From an IT perspective, change management is the act of ensuring successful and meaningful evolution of the IT infrastructure to better support the overall organization. This is tricky enough at a project-team level because many technologies, and even versions of similar technologies, will be used in the development of a single solution. Because DevOps brings the enterprise-level issues associated with operations into the mix, an integrated change management strategy can be far more complex, due to the need to consider a large number of solutions running and interacting in production simultaneously. With integrated change management, development teams must work closely with operations teams to understand the implications of any technology changes at an organization level. This approach depends on the earlier practices of active stakeholder participation, integrated configuration management, and automated testing.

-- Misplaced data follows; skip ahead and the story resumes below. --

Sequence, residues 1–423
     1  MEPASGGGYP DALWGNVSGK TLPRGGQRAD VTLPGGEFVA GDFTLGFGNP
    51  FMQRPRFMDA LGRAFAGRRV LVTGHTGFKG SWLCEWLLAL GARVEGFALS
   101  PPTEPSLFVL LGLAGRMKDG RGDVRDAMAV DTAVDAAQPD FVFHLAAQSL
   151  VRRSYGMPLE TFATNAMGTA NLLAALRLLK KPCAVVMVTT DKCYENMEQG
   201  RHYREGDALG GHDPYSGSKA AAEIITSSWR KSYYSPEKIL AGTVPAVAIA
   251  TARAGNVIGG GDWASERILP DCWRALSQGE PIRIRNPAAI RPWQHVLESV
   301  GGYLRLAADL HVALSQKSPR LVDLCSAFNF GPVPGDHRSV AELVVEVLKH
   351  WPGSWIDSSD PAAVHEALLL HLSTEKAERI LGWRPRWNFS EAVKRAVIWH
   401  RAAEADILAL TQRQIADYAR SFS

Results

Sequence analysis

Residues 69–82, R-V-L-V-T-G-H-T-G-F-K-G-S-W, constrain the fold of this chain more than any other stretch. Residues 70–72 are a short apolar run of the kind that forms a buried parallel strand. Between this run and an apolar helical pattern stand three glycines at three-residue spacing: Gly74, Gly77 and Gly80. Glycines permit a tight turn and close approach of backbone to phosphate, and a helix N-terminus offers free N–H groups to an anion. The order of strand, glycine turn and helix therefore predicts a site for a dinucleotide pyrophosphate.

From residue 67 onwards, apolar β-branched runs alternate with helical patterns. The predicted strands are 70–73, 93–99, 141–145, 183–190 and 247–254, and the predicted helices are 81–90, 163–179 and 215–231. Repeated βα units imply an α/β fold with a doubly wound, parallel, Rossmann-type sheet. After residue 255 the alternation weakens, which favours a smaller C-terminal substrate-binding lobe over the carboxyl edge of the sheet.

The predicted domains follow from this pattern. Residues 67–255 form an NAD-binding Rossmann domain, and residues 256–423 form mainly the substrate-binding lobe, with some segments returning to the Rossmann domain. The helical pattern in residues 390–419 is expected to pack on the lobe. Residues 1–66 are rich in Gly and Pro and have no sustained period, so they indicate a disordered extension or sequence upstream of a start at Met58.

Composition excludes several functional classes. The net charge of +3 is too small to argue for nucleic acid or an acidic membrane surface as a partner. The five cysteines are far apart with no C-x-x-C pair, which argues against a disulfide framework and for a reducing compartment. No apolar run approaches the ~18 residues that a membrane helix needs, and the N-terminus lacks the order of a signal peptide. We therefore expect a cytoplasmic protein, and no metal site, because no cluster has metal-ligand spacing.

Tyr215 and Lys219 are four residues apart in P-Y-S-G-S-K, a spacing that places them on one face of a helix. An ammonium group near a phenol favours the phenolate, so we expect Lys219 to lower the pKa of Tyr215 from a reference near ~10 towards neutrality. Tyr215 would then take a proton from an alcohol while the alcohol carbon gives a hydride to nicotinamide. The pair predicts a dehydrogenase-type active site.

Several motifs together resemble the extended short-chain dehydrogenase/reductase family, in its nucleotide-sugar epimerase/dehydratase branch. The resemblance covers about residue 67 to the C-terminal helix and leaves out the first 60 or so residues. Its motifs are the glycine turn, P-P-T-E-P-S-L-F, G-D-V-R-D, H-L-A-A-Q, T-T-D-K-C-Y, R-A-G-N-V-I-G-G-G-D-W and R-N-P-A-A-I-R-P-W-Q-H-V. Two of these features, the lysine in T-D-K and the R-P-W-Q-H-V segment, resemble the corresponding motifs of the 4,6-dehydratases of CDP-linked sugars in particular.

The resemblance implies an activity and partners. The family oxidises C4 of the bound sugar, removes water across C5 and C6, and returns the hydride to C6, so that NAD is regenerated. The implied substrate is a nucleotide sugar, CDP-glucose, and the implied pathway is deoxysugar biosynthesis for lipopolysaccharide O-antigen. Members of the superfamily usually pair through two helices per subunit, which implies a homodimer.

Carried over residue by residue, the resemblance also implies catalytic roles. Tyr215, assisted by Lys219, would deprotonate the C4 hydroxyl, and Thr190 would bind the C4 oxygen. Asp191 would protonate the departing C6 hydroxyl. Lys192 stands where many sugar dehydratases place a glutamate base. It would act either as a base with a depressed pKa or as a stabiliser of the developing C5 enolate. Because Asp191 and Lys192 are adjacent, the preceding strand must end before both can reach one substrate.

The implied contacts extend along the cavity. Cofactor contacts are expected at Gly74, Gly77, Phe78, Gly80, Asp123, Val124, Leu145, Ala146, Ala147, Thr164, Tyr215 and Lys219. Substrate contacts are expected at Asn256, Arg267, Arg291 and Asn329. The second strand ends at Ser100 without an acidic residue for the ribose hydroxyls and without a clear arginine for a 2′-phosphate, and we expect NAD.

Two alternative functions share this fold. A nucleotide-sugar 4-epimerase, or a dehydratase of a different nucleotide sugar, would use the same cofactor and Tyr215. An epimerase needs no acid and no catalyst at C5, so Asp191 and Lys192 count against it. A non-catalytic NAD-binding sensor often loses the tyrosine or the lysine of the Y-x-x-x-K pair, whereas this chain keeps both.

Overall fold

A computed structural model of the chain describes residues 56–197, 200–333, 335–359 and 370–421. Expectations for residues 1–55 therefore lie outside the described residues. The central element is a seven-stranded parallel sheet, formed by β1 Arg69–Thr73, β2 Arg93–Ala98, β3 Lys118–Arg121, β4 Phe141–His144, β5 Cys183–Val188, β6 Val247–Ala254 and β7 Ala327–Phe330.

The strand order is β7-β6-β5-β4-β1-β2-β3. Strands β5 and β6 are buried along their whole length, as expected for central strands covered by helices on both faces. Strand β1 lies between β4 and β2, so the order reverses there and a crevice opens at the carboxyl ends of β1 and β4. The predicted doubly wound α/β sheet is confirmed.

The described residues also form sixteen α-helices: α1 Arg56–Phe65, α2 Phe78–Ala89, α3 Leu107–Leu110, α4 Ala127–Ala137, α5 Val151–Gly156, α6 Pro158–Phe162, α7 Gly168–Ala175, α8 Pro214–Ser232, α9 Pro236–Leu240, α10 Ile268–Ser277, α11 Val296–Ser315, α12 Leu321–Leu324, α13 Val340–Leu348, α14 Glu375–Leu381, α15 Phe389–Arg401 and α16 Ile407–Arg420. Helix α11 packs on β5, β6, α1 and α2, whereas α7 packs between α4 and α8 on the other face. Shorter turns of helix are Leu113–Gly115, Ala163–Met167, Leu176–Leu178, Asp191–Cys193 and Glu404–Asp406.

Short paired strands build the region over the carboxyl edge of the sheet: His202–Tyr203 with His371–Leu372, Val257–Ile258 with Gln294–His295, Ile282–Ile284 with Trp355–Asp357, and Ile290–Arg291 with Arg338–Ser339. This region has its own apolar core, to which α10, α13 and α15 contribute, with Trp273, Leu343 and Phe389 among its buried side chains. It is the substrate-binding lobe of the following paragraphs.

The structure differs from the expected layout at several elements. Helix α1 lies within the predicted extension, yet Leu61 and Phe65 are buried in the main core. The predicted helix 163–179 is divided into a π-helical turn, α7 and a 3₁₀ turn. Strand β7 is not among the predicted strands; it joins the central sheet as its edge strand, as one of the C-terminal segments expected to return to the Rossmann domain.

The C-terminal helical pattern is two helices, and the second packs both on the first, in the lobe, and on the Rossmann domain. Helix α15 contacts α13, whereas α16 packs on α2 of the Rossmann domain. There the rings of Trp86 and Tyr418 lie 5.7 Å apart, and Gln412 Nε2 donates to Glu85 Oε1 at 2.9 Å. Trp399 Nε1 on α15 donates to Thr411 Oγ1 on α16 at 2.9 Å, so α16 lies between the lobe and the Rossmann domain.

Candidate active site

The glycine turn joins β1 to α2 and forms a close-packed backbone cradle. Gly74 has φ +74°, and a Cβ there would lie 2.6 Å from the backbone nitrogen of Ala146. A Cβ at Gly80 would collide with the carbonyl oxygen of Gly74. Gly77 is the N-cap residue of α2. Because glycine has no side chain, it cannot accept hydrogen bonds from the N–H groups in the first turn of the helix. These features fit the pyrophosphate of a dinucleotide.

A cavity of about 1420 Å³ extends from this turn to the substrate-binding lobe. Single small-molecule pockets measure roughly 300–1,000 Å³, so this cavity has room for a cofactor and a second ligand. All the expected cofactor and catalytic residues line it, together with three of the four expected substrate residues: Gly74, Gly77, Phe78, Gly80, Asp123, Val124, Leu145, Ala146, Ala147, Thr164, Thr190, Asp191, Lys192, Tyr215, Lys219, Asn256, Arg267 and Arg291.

Practice 5: Continuous Integration

Continuous integration (CI) is the discipline of building and validating a project, through automated regression testing and sometimes code analysis whenever updated code is checked into the version control system. CI is one of the sexier agile development practices (at least from a developer’s perspective) that is typically associated with DevOps. CI enables developers to develop a high-quality working solution safely in small, regular steps by providing immediate feedback on code defects.

Practice 6: Integrated Deployment Planning